• پوزبند وسوسه عشقست و بس  ** ورنه کی وسواس را بستست کس 
  • Become a lover, seek a fair minion, hunt a waterfowl from river to river.
  • عاشقی شو شاهدی خوبی بجو  ** صید مرغابی همی‌کن جو بجو 
  • How will you get water (spirituality) from that one who takes your water away? How will you apprehend (the truth) from that one (who) consumes your (spiritual) apprehension?
  • کی بری زان آب کان آبت برد  ** کی کنی زان فهم فهمت را خورد 
  • In Love, (which is) glorious and resplendent, you will find intelligible things other than these intelligible things.
  • غیر این معقولها معقولها  ** یابی اندر عشق با فر و بها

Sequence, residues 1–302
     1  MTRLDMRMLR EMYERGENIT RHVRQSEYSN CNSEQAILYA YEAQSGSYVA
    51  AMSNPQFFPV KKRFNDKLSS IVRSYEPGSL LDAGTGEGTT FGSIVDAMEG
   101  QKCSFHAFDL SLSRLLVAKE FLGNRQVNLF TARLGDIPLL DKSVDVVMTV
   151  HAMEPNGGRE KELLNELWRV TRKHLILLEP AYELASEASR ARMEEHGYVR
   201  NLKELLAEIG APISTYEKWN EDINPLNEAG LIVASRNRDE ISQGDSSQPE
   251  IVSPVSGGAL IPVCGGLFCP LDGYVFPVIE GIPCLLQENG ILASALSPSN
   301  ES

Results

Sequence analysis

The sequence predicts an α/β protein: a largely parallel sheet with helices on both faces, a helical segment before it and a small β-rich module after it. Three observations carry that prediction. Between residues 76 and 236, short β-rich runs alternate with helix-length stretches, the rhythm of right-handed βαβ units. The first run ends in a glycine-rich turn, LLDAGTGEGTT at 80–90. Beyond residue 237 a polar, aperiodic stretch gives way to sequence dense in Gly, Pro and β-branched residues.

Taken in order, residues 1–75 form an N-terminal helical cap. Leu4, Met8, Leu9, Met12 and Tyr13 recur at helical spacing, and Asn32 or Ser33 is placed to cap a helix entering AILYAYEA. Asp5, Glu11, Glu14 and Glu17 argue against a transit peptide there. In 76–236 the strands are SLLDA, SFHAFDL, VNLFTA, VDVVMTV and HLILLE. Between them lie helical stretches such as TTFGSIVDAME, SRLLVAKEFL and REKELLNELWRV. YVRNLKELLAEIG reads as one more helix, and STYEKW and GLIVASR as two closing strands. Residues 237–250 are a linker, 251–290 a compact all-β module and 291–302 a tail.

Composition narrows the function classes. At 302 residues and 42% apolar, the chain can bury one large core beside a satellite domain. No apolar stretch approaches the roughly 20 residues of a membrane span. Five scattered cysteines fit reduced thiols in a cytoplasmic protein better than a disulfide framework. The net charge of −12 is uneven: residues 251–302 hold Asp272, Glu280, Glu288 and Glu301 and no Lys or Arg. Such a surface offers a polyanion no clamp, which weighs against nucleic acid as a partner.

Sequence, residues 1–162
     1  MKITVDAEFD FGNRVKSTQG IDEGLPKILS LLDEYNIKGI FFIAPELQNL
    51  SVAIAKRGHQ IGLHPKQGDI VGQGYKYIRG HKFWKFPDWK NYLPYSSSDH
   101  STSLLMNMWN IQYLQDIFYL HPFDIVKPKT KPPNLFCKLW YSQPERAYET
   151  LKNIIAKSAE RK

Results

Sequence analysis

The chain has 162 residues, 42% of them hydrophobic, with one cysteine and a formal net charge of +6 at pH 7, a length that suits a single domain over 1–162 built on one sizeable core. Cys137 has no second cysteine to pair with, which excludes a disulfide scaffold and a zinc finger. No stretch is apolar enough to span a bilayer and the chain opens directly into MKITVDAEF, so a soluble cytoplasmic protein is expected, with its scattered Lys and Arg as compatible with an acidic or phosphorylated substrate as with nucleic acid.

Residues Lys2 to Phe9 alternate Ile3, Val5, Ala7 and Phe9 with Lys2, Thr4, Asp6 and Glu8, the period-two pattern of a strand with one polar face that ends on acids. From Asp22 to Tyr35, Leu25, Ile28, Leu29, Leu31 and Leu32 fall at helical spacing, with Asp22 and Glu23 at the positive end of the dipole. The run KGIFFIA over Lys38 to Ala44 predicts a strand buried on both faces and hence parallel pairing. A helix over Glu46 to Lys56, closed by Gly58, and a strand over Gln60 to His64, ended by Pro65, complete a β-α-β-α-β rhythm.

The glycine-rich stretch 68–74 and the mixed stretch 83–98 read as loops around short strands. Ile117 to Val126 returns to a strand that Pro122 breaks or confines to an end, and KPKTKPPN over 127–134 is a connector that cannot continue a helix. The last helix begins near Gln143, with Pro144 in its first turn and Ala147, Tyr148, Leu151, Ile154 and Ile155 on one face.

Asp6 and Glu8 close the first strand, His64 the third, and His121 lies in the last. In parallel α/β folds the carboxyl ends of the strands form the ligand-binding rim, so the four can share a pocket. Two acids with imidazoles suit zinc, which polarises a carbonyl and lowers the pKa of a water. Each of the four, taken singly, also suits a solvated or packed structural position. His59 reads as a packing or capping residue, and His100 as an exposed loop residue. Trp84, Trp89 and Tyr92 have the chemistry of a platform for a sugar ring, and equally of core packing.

• To God belong intelligences other than this intelligence of yours, (intelligences) by which the mediate celestial things are ruled;
  • غیر این عقل تو حق را عقلهاست  ** که بدان تدبیر اسباب سماست 
  • For by this (individual) intelligence you procure the means of subsistence, (while) by that other (universal intelligence) you make the tiers of Heaven a carpet (under your feet). 3235
  • که بدین عقل آوری ارزاق را  ** زان دگر مفرش کنی اطباق را 
  • When you gamble away (sacrifice) your intelligence in love of the Lord, He gives you ten like unto it or seven hundred.
  • چون ببازی عقل در عشق صمد  ** عشر امثالت دهد یا هفت‌صد 
  • Those women (of Egypt), when they gambled away (sacrificed) their intelligences, sped onward to the pavilion of Joseph's love.
  • آن زنان چون عقلها درباختند  ** بر رواق عشق یوسف تاختند 
  • (Love which is) the cupbearer of life took away their intelligence in one moment: they drank their fill of wisdom all the rest of their lives.
  • عقلشان یک‌دم ستد ساقی عمر  ** سیر گشتند از خرد باقی مرد